From leafy residential areas packed with art museums to picturesque old town streets brimming with bars, shops and restaurants, find the best areas to explore and places to stay in Nice with our neighborhood guide.

Whether you love food, art, culture or nightlife, the Unesco-listed capital of the French Riviera has plenty of vibrant districts to discover and gorgeous places to lay your head. Most importantly, Nice is very easy to get around, so no matter where you base yourself, you’ll never be more than a few tram stops away from the city’s top sights and attractions.

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Promenade des Anglais and city center

Best for history, shopping and seaside fun

Start your explorations by heading straight to the scenic Promenade des Anglais along the Mediterranean Sea. Nice’s beautiful 7km (4.3mi) stretch of seafront is the perfect place to get your bearings. It’s lined with architectural landmarks, palm trees and pebble beaches. While away an afternoon strolling along the waterfront, going for dips in the azure blue waters of the Med and people-watching astride the Promenade’s famous blue chairs. History buffs should visit the fascinating Musée Massena, which is housed in a sumptuous belle-époque villa.

Some of the city’s most iconic and luxurious hotels are also located here, including the pink-domed Hôtel Negresco and the art-deco Palais de la Méditerranée – you’ll need deep pockets to spend the night here, but you can always enjoy a drink at the bar. Another lovely spot for a cocktail with a view is the summer rooftop terrasse of the AC Hôtel Marriott, Farago on the Roof.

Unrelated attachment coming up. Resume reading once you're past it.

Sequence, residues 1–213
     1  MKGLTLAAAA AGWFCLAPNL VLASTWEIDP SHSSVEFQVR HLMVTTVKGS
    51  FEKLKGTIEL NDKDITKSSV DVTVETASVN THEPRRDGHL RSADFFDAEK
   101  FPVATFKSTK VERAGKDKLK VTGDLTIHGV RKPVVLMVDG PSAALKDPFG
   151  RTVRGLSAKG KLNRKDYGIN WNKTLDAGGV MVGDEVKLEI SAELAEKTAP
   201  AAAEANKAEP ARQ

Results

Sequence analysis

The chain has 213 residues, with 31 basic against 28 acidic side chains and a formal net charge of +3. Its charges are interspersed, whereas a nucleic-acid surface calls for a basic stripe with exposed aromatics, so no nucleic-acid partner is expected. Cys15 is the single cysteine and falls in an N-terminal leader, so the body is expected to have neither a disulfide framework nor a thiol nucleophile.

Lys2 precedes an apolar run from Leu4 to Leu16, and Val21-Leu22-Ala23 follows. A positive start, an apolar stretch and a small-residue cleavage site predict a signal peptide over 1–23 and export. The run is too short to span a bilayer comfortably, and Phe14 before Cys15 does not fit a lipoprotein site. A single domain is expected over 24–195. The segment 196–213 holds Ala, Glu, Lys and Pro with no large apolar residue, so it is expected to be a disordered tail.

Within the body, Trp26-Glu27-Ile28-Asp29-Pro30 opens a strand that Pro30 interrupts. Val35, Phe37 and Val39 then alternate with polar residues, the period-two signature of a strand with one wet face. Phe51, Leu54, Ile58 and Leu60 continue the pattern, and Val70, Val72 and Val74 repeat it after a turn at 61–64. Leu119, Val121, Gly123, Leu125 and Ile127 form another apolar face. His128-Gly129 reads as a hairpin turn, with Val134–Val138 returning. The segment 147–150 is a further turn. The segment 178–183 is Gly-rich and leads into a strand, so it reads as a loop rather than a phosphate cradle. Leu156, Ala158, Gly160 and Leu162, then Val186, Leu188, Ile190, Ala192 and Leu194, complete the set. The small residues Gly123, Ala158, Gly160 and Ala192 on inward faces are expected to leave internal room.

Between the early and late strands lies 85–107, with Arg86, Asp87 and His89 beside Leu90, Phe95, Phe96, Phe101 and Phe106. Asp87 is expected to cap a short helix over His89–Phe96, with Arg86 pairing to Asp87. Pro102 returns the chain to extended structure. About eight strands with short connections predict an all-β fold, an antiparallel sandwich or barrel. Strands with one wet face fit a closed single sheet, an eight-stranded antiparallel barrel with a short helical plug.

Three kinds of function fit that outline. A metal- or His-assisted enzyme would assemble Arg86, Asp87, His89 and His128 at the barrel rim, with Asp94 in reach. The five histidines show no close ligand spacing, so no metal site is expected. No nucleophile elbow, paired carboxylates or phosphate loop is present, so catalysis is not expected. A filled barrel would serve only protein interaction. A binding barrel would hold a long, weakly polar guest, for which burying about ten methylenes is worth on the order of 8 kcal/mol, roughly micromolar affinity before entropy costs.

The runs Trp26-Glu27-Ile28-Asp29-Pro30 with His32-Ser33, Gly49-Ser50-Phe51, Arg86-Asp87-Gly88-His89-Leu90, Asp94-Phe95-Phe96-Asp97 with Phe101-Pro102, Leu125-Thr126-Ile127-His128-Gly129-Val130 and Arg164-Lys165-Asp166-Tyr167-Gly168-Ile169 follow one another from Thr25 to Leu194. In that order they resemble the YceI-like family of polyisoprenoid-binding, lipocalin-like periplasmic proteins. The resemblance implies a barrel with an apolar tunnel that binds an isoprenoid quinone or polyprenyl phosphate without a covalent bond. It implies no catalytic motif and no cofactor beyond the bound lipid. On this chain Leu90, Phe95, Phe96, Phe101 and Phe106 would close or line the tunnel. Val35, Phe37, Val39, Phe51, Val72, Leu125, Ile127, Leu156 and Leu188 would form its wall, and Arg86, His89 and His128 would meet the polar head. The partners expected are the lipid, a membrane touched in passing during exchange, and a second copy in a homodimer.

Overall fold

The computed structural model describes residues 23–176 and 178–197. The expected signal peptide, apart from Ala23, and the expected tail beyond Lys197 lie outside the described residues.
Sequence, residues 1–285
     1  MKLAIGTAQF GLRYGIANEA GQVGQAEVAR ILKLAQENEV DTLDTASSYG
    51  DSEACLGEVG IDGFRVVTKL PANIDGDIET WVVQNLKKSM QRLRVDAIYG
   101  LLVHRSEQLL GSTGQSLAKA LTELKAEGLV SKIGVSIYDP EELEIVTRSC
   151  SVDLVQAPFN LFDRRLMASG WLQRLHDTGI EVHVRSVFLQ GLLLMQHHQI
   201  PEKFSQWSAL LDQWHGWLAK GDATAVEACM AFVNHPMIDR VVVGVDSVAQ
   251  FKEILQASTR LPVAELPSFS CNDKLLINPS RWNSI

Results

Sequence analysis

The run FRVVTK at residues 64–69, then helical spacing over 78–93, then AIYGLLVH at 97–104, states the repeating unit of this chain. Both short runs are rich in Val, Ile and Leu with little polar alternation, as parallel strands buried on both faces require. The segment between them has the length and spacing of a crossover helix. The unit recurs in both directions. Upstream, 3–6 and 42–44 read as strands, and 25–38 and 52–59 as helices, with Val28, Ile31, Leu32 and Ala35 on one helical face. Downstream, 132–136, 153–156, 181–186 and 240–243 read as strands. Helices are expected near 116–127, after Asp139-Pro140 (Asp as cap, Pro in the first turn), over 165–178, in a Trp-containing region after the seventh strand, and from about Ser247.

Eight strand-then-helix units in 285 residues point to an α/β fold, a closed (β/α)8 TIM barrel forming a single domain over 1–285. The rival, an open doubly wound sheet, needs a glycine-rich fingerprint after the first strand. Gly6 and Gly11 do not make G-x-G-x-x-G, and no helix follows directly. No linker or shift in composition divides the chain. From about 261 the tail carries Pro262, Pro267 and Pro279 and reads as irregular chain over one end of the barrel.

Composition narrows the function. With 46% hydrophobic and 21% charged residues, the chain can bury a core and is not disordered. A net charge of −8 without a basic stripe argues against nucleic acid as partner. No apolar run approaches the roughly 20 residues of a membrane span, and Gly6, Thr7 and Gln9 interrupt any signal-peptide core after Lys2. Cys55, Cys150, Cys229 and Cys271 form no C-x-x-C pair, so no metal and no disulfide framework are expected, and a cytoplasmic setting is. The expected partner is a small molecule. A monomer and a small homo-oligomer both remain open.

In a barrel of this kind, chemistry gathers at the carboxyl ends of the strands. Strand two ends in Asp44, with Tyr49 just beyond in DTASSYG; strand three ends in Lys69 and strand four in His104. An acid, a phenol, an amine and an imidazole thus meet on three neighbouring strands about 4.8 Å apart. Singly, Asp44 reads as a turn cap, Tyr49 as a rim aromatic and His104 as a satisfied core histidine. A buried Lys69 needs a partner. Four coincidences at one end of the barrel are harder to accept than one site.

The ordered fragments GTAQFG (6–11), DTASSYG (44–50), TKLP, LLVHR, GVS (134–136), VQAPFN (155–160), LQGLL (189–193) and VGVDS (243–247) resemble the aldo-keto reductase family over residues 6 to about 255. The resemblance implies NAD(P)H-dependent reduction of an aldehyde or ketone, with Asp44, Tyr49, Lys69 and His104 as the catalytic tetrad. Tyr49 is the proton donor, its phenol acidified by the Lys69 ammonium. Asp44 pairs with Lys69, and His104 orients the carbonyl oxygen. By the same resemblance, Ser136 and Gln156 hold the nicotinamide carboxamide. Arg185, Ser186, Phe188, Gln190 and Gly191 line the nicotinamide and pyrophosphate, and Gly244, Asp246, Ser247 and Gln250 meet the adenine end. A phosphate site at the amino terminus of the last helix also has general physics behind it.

You’ll find plenty of more affordable places to stay in the streets adjacent to the Prom’, from self-catering accommodation to boutique hotels and hip hostels – try Hôtel Windsor, Hostel Meyerbeer Beach or Hôtel Villa Victoria.

From here, it’s a short walk to the city center. Set off from Place Masséna, Nice’s most recognizable square, featuring hypnotic black-and-white tile work, a stunning baroque-style fountain and 19th-century red-ochre buildings. Then hit the stores along Avenue Jean-Médecin, or relax on the Promenade du Paillon, which has lots of green spaces, fun water features and play areas kids will love.

A tourist woman walking at the narrow streets of the old town in Nice, France.
Getting lost amid the pretty streets in Vieux Nice is half the fun of staying there! © Gulcin Ragiboglu / Getty Images / iStockphoto

Vieux Nice

Best for local flavor and nightlife

With its colorful architecture, charming narrow streets and buzzing nightlife, Vieux Nice is one of the most scenic and vibrant neighborhoods in Nice. It’s a great place to wander and immerse yourself in the local culture. Its famous Cours Saleya market square is lined with bars, restaurants and café terraces, while its picture-postcard alleyways are packed with shops, galleries and Baroque churches.

Munch on local street snacks as you browse the stalls and marvel at the riot of colors and fragrances of the Cours Saleya food and flower markets. Visit the stunning Cathédrale Sainte-Réparate and 17th-century Palais Lascaris. Shop for local wine at Cave de la Tour and confectionery at Maison Auer. Then at sunset, soak up the sweeping views over the red-tiled rooftops of Vieux Nice and the Baie des Anges from the Colline du Château, before diving into the local bar and restaurant scene.

Enjoy happy hour drinks at locals' favorite Les Distilleries Idéales, rooftop haven Bocca, or lively Le Bateleur. Hungry yet? Feast on fantastic Mediterranean fare at Olive & Artichaut, Le Comptoir du Marché or Peixes.

Note that most hotels and self-catering accommodation in the old town don’t have elevators due to the layout of the area – important to bear in mind when choosing where to stay if you have mobility issues and/or are traveling with small children.

Place Garibaldi, one of the finest squares in Nice, France
Place Garibaldi is renowned as one of the most beautiful squares in Nice © bwzenith / Getty Images